The Callanish Stones, Isle of Lewis

The Callanish Stones

Finding yourself in Scotland, the Callanish Stones can not be missed. While the stones can be found in various locations, which will be referenced below, the stones in Hebrides are some of the most beautiful stone circles and rows. Located on the Isle of Lewis, Outer Hebrides near the town Stornoway and village Callanish, you will find a site that dates from around 1800 BC. The stones themselves are Lewisian gneiss. You will find the Calanais, also refereed to as Callanish I. Folklore and science have explained the stones in different ways and you will be delighted to learn of these stories as well as visit this magnificent circle and line of ancient stones.

Also on the Isle of Lewis, Outer Hebrides near the town Stornoway and village Callanish you will find Cnoc Ceann a Gharaide, also known as Callanish II. There are five stones which remain upright and two have fallen to form an ellipse. Near here as well you will find Cnoc Filibhir Bheag, known as Callanish III. This site is near peat cuttings and is on a low ridge. The stones themselves form two concentric ellipses. Ceann Hulavig, also known as Callanish IV, is located near the town Stornoway and the village Garynahine. On top of a hill you can view a low central stone enclosed enveloped by an oval setting of five upright stones. There are also several other circles nearby.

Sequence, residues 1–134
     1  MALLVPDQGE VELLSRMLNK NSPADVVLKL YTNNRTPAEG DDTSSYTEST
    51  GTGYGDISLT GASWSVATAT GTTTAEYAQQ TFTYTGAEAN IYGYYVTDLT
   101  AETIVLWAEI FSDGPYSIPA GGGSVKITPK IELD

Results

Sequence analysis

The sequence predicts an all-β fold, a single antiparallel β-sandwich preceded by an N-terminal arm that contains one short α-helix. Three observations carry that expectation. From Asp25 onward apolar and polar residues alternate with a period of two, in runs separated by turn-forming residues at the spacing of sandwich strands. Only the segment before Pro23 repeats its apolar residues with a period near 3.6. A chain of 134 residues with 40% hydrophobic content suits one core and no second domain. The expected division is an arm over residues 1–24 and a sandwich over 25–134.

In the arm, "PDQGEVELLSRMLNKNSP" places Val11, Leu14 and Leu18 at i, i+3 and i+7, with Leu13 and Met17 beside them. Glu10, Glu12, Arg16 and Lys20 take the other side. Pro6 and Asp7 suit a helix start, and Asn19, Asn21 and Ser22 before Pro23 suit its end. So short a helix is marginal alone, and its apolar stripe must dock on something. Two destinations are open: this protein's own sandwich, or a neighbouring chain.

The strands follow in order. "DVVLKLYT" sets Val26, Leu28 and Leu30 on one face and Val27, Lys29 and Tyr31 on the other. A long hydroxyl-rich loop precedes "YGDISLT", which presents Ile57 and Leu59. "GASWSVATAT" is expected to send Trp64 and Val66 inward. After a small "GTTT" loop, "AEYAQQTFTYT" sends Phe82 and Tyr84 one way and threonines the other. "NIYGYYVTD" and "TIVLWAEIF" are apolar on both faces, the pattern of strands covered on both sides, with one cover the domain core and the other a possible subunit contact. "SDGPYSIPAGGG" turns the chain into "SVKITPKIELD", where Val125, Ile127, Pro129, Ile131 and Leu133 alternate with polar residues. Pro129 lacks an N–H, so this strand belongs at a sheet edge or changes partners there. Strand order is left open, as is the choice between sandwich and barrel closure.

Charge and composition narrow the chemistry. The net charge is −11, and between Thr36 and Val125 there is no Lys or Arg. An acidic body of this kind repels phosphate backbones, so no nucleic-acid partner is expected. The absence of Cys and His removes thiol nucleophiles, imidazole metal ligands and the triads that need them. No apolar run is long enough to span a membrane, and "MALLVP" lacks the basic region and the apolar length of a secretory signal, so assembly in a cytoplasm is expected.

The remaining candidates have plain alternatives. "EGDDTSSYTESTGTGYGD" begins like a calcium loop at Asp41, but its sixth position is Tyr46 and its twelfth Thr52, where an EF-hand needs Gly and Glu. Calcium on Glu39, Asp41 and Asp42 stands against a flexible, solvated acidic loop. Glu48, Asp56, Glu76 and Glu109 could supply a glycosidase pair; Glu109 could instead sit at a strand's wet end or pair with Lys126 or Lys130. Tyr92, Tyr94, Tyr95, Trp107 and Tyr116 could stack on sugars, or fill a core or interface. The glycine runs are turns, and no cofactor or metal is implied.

The Callanish Stones at sunset

Other stone circle sites in Scotland are well worth the traveling and destination. You can visit Cullerlie, located near Aberdeen which was used as a burial ground. Located near Inveruie you can visit the Easter Aquhorthies made of stones of pink porphyry and one of red jasper. Also near Inverurie you can visit the Loanhead of Daviot, set between to rivers. One breathtaking site located near Stromness is an impressive twenty-seven remains of an original sixty known as the Ring of Brodgar, also known as the Temple of the Sun and the Temple of the moon. Sunhoney, located near Branchory stands surrounded by an ancient forest of ash, pine, oak, maple and beech. Finally, another quaint location is that of Temple Wood, located near Lochgilphead, an almost perfect circle.


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Photo by JaredEarle (1) and Donald Macleod (2) on flickr

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Last updated by Gretchen Cosier on 08 January, 2012 in Destinations.

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